For a family of disjoint subintervals \(\left]a_j,b_j\right[\subseteq[0,1],\ j\in J,\) we may define a t-norm \(T\) called an ordinal sum: \[T(x,y)= \left\{\begin{array}{ll} h_j^{-1}(T_j(h_j(x),h_j(y))) & \mbox{if } x,y \in \left]a_j,b_j\right[\mbox{ for some } j\in J, \\\min(x,y) & \mbox{otherwise,} \end{array}\right.\] where \(h_j\colon [a_j,b_j]\to[0,1]\) are increasing bijections and \(T_j\) are t-norms on \([0,1],\, j\in J.\) All continuous t-norms are ordinal sums of Archimedean t-norms, we may choose \(T_j\in \{T_L,T_P\}.\)

There are t-norms which are not continuous or even not measurable.

Triangular conorms

Definition

The dual notion to a triangular norm is a triangular conorm (abbreviation t-conorm, also s-norm), \(S\ .\) Its neutral element is 0 instead of 1, all other conditions remain unchanged:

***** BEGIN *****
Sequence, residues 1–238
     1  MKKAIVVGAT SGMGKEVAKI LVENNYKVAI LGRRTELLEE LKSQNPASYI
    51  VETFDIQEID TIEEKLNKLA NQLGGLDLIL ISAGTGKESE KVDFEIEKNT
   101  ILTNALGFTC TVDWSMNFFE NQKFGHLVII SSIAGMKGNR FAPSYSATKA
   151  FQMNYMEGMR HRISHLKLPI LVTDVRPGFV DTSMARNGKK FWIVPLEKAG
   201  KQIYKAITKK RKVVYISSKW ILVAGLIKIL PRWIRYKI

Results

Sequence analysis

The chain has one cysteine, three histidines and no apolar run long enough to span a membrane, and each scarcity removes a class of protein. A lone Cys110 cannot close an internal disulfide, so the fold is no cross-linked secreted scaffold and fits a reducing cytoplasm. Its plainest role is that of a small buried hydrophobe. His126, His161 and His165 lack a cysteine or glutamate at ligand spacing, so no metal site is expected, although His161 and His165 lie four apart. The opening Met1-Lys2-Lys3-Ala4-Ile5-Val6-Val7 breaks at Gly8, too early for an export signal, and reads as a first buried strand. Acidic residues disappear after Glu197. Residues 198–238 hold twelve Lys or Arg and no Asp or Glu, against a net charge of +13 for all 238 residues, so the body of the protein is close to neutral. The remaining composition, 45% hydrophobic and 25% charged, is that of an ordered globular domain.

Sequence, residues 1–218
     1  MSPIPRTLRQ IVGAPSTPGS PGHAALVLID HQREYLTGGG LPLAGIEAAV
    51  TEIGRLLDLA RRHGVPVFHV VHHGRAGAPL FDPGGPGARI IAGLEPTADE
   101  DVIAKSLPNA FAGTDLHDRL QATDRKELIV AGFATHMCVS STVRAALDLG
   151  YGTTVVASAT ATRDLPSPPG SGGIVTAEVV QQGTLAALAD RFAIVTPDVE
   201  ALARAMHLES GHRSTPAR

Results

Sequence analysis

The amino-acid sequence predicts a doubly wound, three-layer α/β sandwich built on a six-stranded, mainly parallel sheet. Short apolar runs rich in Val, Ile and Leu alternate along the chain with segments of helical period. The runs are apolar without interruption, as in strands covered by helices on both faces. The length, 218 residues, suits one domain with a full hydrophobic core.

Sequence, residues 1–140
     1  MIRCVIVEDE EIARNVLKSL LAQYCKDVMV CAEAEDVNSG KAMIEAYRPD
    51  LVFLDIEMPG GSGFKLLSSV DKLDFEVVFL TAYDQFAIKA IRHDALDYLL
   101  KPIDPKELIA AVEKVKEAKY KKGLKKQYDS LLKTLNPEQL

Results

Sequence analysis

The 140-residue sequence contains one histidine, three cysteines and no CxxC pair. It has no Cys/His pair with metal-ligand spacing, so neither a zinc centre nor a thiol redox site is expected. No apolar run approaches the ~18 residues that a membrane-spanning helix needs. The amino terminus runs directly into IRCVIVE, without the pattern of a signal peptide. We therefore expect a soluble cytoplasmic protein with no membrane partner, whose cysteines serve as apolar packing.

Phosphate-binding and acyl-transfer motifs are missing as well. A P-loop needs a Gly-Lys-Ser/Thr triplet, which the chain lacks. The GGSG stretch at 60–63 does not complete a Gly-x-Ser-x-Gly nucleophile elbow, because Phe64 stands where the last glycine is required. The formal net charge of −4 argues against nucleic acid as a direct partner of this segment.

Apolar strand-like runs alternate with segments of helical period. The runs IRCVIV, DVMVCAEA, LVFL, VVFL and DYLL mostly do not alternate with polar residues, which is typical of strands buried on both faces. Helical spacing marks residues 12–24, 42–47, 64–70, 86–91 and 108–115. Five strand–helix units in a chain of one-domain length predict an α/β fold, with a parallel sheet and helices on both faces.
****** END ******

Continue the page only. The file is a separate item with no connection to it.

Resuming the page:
• \(S(x,y)=S(y,x)\) (commutativity)
  • \(S(x,S(y,z))=S(S(x,y),z)\) (associativity)
  • \(y\le z\Longrightarrow S(x,y)\le S(x,z)\) (monotonicity)
  • \(S(x,0)=x\) (neutral element 0)

Examples of t-conorms

  • \(S_M(x,y)=\max(x,y)\) (maximum or Gödel t-conorm)
  • \(S_P(x,y)=x+y-x\cdot y\) (product t-conorm, probabilistic sum)
  • \(S_L(x,y)=\min(x+y,1)\) (Lukasiewicz t-conorm, bounded sum))

No t-conorm can attain smaller values than \(S_M\ .\)

If \(T\) is a t-norm, then \(S(x,y)=1-T(1-x,1-y)\) is a t-conorm, and vice versa. We obtain a dual pair \((T,S)\) of a t-norm and a t-conorm. (Instead of the standard fuzzy negation, \(x\mapsto 1-x\ ,\) another strong fuzzy negation can be used in the duality formula.)

The classification and representations of t-conorms are dual to those of t-norms. Each continuous Archimedean t-conorm \(S\) has a (non-unique) additive generator, which is an increasing bijection \(s\colon [0,1]\to[0,B]\ (B\in\left]0,\infty\right])\) such that \[S(x,y)= \left\{\begin{array}{ll} s^{-1}(s(x)+s(y)) & \mbox{if }s(x)+s(y)\le B, \\1 & \mbox{otherwise.} \end{array}\right.\]

Derived operations

Fuzzy intersections and unions